HIV, hepatitis C virus (HCV), and human T-cell lymphotropic virus type 1 (HTLV-1) share the same routes of infection, making coinfection by these viruses a frequent finding in endemic areas. However, there is scarce information on the clinical/immunological consequences of triple infection. Coinfection by HTLV-1 is able to modulate cytokine's production in patients with HIV, but there are no data on the immune response of HIV-HCV-HTLV-1–infected patients.Methods:
We compared the plasma levels of 25 different cytokines in patients with HIV-HCV, according to their serostatus to HTLV-1 infection. Eligible patients should be on stable highly active antiretroviral therapy and have undetectable HIV-1 plasma viral load for, at least, 12 months. Cytokines levels were also evaluated by CD4+ cells count, rates of sustained virological response (SVR) to previous HCV treatment, frequency of spontaneous HCV clearance, and HCV/IFN-λ3 genotypes.Results:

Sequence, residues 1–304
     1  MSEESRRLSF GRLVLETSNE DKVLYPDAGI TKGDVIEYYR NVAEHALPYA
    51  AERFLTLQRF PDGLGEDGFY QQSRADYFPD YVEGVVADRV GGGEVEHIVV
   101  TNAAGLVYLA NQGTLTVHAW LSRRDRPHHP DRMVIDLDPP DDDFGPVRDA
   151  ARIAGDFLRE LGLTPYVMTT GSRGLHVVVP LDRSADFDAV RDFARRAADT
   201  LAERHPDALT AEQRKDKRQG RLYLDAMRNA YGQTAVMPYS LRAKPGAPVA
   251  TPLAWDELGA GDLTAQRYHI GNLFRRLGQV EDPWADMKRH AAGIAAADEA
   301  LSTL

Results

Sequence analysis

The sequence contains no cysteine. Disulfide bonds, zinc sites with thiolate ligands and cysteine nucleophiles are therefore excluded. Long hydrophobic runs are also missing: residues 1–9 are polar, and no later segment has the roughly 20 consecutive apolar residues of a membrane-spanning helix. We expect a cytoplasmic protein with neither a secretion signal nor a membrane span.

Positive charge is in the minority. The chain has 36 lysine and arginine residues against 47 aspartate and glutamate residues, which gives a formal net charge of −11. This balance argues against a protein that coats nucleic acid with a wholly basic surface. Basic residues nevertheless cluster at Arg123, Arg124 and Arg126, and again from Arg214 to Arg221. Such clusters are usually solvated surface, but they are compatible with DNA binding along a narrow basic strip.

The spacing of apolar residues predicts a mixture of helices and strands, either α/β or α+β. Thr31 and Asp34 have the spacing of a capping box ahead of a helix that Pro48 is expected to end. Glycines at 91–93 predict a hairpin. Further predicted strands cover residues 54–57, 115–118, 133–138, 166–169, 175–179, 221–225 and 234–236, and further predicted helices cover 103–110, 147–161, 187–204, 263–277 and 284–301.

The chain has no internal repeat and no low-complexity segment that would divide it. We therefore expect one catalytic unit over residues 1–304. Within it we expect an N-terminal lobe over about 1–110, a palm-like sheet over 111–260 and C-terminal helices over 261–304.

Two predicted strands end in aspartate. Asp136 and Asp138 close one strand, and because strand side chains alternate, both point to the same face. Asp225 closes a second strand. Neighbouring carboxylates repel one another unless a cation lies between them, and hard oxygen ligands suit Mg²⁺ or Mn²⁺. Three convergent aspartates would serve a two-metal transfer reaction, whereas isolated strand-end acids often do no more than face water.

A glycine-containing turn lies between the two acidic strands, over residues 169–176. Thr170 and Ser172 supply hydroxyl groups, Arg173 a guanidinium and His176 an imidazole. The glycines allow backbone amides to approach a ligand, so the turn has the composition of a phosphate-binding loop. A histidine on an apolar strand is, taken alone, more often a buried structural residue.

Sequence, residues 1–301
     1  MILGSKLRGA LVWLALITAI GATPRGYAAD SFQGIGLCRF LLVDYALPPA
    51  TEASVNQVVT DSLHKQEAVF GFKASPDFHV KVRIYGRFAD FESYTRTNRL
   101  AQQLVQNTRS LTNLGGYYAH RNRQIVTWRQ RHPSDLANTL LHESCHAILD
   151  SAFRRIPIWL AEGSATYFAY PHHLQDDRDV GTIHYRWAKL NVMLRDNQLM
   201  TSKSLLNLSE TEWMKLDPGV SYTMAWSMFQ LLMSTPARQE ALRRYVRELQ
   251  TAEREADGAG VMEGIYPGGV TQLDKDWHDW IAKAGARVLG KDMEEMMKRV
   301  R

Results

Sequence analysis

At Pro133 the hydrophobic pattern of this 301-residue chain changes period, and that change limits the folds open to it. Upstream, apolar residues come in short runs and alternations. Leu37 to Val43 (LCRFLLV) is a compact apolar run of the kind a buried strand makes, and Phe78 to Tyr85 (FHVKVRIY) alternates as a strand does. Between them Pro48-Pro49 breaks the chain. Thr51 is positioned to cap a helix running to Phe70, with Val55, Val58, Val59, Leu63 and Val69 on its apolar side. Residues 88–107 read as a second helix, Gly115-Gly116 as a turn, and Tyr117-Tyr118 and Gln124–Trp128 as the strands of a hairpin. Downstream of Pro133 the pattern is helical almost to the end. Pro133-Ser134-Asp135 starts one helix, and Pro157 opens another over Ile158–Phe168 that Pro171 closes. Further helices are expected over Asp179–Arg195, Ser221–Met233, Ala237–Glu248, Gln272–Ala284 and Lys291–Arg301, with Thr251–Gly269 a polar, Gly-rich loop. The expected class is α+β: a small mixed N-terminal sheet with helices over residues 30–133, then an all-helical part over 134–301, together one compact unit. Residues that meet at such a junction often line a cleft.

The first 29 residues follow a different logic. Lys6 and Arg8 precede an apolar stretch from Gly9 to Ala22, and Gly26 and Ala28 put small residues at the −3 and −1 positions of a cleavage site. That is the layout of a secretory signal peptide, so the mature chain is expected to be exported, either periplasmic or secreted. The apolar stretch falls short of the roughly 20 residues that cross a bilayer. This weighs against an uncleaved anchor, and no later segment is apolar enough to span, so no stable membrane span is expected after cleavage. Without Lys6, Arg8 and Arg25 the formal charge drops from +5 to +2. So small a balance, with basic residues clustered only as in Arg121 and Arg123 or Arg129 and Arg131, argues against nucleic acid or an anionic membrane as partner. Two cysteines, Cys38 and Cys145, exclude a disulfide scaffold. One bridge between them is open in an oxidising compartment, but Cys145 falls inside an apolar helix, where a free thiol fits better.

Twenty-five patients (15 coinfected by HIV and HCV, 10 coinfected by HIV, HCV, and HTLV-1) were evaluated. Among the triply infected group, 3 had undetectable HCV viremia (spontaneous clearance). All but one remaining patients were previously treated for HCV, with similar SVR rates (∼29%). Cytokines levels did not differ per HCV/IFN-λ3 genotypes, mean CD4+ cells count, age, sex, or SVR. However, patients coinfected by HTLV-1 showed significantly higher levels of IL-1b, IL-2, TNF-α, IFN-γ, MIP-1α, RANTES, and interferon-induced protein 10 (IP-10) than HIV-HCV–coinfected ones. Patients presenting HCV spontaneous clearance had the highest levels of cytokines.Conclusions:
Coinfection by HTLV-1 increases the plasma levels of proinflammatory cytokines of patients with HIV-HCV and can influence the outcomes of coinfected patients.